...a great list of our founders toif you don't have that vision, if you don't have that North Star thatyou're going towards, then a lot of people would have just been happy witha success that Netflix had when they were just getting DVDs to customers. Theywere reducing friction to accessing entertainment that way. But they wanted to take it astep further. So first Netflix or fined and improved it's DVD by mailservice through faster delivery, more distribution centers and eliminating fees. That was thefirst way they wanted to reduce friction and accessing entertainment. Of course, theyalready did this by removing any sort of late fees, but they double downon it. But here's the thing. Netflix was hitting some big numbers andeven though they were hitting big numbers, they were doing very well in theDVD rental business. They knew that it wouldn't last. They knew they hadto do something different. As an entrepreneur, if you get comfortable with a singlebusiness success, that is going to be your death that's going to beyour downfall. Most companies failed to evolve, they fail to adapt to a changingbusiness dynamic and environment. They've been...

...forced out of the market. Theyget disrupted. So I think about blockbuster, blackberry, no KIA. Think aboutwhat Uber did the cavs? Think about what air being be did thehotels? If you do not disrupt, if you are not future proofing,if you are not forward thinking, you are going to get disrupted. Sonetflix started early to future proof their business by entering the video streaming market.They wanted to be the disruptors, not they didn't want to be disrupted.So, by making this shift, they can now provide subscribers with instant accessto thousands of titles that you could Binge Watch on any device. While cablecompanies were more concerned with traditional business models and quarterly revenue targets. Blockbuster wasn'tdoing anything. They were just business as usual. Netflix was looking at decadeahead into the future. So, needless to say, if Netflix wanted toreduce friction to accessing entertainment and they wanted to allow everybody to stream movies online, the technology to make their vision of reality was non existent. They tookon a huge risk and invested more than forty million dollars in developing new streamingtechnologies in two thousand and seven. It's...

...mind boggling to think that they investedforty million when they were doing eighty million in revenue per year, because therewas literally no consumer demand for what they were offering. A lot of peoplethought the idea wouldn't work. However, since most people didn't believe in thetech, they didn't believe in the concept. There was no competition for streaming.It's not like there is today, with all these different streaming companies orall these different mainstream networks trying to get into streaming. This was two thousandand seven. So by the time everyone else finally caught on, and somepeople are still just catching on now in two thousand and twenty one, Netflixwas way ahead of them. So the company doubled down, invested forty milliondollars, had the best streaming tech, the most extensive list of titles,because they already were doing this for x many years before. They had thelargest subscriber base. In Two Thousand and eight, the company announced it wasstopping its DVD retail sales one week after debuting the watch, now on allMAC and apple platforms. By Two Thousand and eleven, Netflix rebranded its DVDrental business, spreading its streaming business and...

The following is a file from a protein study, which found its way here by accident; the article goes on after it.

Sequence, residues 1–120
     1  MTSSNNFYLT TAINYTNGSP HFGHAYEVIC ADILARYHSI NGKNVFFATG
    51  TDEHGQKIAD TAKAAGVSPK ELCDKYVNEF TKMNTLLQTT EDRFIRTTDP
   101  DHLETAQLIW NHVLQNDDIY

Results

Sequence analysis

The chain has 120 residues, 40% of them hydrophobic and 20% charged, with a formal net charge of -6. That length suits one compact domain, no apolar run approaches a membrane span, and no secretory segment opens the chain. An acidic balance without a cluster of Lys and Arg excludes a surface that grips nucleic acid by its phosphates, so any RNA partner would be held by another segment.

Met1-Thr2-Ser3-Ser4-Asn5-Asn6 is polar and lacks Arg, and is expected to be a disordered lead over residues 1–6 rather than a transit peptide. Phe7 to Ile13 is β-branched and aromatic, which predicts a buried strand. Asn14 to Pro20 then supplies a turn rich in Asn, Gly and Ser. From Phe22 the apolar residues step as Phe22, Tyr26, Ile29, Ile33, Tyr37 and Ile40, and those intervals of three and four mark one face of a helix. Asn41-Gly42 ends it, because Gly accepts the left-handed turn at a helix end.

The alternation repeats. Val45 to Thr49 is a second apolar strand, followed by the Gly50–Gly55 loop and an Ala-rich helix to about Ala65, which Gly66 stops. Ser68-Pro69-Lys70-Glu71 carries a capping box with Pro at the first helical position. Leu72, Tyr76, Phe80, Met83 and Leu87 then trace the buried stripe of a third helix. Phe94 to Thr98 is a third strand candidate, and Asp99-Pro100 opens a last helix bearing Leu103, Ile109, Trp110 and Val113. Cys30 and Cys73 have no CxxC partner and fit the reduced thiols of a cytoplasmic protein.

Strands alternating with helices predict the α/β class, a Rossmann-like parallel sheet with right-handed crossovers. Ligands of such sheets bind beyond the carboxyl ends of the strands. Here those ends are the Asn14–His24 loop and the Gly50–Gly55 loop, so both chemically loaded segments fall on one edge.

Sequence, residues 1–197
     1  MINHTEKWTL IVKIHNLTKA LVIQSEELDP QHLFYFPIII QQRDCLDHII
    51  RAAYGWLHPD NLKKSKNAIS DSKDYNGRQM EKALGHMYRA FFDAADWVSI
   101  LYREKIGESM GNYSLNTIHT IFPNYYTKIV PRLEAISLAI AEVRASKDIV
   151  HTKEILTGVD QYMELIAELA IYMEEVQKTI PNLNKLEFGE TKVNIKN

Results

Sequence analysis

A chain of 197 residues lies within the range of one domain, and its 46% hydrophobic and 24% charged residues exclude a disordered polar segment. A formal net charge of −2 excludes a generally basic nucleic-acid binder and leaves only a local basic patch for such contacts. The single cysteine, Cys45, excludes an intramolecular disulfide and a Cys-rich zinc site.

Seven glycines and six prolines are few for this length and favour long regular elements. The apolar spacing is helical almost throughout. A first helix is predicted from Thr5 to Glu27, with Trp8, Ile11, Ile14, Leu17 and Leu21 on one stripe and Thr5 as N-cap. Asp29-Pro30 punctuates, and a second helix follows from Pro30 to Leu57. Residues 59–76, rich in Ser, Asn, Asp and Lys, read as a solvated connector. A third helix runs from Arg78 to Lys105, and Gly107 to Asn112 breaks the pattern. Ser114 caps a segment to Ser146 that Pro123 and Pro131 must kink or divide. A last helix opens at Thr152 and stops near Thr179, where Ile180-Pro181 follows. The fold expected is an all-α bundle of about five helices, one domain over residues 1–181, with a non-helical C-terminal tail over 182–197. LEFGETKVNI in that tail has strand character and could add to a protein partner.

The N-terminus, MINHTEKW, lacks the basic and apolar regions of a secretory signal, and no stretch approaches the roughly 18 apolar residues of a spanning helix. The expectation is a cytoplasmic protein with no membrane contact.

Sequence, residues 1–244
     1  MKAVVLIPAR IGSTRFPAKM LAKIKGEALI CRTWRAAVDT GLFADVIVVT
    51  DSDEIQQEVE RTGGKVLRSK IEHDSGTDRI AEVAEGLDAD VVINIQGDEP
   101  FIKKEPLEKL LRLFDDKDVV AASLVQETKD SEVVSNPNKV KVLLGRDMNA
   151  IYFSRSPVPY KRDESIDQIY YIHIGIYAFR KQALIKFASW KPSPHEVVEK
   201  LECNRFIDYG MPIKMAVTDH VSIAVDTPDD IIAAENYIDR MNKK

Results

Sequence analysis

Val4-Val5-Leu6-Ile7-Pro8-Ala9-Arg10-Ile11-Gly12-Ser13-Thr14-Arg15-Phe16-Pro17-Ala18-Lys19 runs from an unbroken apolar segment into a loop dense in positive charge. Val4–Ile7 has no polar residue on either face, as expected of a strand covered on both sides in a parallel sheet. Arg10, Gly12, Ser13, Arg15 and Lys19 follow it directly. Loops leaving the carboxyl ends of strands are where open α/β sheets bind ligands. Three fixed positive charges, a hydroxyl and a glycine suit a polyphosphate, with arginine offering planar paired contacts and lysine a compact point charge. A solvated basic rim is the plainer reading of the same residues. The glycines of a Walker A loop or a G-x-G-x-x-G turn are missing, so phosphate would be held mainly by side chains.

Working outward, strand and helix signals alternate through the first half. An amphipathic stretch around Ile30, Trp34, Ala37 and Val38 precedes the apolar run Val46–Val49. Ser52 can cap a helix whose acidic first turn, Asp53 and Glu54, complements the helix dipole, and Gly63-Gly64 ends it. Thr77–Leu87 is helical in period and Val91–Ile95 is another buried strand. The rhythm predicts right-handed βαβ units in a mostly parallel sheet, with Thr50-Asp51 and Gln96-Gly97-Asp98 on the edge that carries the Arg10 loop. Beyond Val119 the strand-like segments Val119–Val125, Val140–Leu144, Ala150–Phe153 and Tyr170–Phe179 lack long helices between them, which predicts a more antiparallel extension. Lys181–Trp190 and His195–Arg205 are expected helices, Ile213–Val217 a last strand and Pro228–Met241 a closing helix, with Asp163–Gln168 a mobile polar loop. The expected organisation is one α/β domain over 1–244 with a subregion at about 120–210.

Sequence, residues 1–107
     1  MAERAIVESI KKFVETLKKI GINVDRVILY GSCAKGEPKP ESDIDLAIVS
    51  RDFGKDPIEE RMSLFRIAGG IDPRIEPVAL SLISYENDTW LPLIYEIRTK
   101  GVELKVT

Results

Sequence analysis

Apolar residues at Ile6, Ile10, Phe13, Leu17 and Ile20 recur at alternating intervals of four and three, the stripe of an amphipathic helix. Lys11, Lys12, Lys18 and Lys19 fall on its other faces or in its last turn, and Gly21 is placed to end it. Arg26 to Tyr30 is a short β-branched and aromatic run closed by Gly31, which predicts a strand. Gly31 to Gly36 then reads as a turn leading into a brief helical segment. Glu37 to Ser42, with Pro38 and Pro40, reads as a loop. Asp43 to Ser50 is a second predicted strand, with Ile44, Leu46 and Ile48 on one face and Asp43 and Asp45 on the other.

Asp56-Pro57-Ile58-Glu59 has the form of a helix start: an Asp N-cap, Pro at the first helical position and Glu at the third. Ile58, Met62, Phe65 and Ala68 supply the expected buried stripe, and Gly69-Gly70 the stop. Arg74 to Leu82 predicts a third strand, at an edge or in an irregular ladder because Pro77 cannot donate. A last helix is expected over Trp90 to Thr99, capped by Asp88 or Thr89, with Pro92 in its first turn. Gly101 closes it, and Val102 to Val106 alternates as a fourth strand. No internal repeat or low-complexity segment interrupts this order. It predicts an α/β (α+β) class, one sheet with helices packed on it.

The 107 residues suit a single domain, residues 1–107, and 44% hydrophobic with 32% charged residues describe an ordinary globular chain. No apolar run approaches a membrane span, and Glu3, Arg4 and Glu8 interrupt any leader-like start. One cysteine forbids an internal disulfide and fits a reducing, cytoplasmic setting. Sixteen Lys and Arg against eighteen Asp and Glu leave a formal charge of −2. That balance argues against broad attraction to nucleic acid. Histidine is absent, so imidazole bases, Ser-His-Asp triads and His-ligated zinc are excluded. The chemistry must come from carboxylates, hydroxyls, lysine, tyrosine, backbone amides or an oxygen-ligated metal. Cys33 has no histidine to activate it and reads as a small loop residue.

...rental business and changing them all intosubscription packages. And that's really where that hockey stick growth just took off.So from two thousand and thirteen, you can quite honestly say netflix began toconquer the world, or at least the streaming world. The company Dove headfirstinto original programming with a high profile political drama house of cards. Both criticsfans gave the show rave reviews and they're already dominating the streaming market. Nowthey're doing original pro programming and it was it was an absolute hit. Thatwas a crucial turning point in Netflix's growth, because when they dropped DVD's and theydropped retail DVDs and they drop subscription DVDs and they invested all of thisinto they invested so much money into into subscription streaming and even like even thetech behind subscription streaming. These were all major risks, all major risks.This was a publicly traded company. This could have blown up in their face. But after they really figured out there streaming and then they started going intooriginal titles and those hit home and those...